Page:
Time to treatment and the impact of a physician on prehospital management of acute ST elevation myocardial infarction: insights from the ASSENT-3 PLUS trial.
until further notice
SourceHeart, 91, 11, (2005), pp. 1400-1406
Article / Letter to editor
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SubjectNCEBP 14: Cardiovascular diseases; UMCN 2.1: Heart, lung and circulation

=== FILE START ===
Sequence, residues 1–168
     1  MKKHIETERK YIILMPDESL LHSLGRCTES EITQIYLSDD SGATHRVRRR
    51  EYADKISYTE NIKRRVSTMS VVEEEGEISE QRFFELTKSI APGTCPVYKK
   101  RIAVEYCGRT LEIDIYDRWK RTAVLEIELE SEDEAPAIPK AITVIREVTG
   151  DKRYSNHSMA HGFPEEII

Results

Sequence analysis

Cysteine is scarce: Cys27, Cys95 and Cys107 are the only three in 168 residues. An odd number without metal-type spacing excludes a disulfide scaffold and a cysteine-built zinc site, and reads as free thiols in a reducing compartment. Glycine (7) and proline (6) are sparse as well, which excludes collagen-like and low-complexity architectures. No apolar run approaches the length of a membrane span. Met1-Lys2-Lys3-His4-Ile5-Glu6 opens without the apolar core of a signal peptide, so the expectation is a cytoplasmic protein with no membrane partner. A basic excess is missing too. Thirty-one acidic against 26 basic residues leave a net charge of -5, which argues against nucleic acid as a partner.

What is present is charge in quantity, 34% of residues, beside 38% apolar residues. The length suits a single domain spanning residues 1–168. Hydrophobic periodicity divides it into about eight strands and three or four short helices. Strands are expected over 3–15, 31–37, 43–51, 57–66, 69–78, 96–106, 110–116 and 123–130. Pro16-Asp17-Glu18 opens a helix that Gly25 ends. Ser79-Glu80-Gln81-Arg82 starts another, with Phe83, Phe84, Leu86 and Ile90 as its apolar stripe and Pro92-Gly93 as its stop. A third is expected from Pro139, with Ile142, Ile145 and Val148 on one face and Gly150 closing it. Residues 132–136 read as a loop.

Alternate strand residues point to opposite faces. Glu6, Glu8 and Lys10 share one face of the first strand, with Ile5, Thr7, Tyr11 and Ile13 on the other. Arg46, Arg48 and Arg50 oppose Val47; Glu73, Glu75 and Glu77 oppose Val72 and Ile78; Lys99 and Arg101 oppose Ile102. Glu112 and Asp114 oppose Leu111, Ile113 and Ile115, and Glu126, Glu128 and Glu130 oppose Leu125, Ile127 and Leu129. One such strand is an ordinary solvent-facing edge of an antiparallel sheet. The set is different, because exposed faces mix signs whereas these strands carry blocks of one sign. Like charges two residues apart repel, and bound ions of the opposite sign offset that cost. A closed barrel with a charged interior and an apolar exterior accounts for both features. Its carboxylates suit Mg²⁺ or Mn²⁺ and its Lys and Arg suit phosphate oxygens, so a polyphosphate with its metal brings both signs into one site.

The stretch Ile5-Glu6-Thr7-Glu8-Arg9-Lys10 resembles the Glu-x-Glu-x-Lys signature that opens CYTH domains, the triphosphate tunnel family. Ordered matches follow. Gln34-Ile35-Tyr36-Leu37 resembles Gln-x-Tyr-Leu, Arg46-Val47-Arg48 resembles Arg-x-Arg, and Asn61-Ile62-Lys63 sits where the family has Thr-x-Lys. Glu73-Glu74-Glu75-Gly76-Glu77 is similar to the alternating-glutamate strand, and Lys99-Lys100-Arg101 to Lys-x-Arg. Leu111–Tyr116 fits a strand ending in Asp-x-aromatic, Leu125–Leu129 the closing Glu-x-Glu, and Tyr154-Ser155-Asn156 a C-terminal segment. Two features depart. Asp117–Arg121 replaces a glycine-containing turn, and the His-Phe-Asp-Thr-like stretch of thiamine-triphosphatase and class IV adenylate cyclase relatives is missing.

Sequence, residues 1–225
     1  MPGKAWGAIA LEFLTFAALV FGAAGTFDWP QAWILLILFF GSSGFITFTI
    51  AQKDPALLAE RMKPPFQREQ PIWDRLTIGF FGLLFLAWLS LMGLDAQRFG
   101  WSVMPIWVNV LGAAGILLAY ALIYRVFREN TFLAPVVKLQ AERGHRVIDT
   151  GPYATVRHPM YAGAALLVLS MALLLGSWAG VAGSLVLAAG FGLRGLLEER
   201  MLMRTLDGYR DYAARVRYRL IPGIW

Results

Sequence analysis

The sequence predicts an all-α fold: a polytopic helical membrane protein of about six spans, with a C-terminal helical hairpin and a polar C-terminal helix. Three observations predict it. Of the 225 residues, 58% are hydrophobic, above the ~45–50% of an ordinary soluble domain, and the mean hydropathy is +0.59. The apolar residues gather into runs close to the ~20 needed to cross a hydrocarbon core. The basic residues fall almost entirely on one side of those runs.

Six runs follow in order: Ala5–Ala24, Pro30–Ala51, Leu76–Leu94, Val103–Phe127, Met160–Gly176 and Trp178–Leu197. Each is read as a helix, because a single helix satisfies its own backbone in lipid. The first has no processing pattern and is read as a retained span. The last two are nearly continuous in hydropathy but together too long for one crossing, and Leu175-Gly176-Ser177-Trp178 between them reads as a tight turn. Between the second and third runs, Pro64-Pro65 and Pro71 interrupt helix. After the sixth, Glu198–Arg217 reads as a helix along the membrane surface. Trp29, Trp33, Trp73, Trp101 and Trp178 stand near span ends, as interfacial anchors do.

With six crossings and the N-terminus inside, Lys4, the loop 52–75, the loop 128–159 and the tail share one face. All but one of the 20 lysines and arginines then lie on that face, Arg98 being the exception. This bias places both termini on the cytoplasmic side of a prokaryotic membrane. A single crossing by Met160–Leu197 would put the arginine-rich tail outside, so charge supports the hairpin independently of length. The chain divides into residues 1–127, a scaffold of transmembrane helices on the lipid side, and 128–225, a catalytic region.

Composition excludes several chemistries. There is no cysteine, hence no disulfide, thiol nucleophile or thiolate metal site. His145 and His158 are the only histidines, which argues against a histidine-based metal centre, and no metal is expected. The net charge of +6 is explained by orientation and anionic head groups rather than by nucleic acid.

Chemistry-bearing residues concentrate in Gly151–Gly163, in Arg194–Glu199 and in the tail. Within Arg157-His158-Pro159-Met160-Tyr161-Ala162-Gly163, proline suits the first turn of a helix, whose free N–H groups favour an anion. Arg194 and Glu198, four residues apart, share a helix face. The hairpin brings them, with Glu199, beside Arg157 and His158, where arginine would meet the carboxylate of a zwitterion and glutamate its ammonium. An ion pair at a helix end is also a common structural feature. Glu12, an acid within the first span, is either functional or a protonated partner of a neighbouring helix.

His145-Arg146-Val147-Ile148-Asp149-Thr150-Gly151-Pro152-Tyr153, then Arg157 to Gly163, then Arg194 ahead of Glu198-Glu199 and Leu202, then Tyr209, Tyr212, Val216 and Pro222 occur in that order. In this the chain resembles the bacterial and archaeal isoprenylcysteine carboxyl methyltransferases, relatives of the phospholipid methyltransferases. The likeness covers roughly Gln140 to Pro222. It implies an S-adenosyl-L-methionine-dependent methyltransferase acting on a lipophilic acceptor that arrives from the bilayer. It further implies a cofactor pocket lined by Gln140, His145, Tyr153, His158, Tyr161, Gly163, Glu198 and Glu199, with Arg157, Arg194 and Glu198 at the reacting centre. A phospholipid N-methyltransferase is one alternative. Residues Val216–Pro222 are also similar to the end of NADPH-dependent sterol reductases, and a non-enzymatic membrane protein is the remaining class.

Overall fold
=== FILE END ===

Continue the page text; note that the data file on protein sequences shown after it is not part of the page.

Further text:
OBJECTIVES: To assess the impact of variation in prehospital care across distinct health care environments in ASSENT (assessment of the safety and efficacy of a new thrombolytic) -3 PLUS, a large (n = 1639) contemporary multicentred international trial of prehospital fibrinolysis. Specifically, the objectives were to assess predictors of time to treatment, whether components of time to treatment vary across countries, and the impact of physician presence before hospitalisation on time to treatment, adherence to protocol, and clinical events. METHODS: Patient characteristics associated with early treatment (< or = 2 hours), comparison of international variation in time to treatment, and components of delay were assessed. Trial specific patient data were linked with site specific survey responses. RESULTS: Younger age, slower heart rate, lower systolic blood pressure, and prior percutaneous coronary intervention were associated with early treatment. Country of origin accounted for the largest proportion of variation in time. Intercountry heterogeneity was shown in components of elapsed time to treatment. Physicians in the prehospital setting enrolled 63.8% of patients. The presence of a physician was associated with greater adherence to protocol mandated treatments and procedures but with delay in time to treatment (120 v 108 minutes, p < 0.001). CONCLUSION: Country of enrollment accounted for the largest proportion of variation in time to treatment and intercountry heterogeneity modulated components of delay. The effectiveness and safety of prehospital fibrinolysis was not influenced by the presence of a physician. These data, acquired in diverse health care environments, provide new understanding into the components of prehospital treatment delay and the opportunities to further reduce time to fibrinolysis for patients with ST elevation myocardial infarction.
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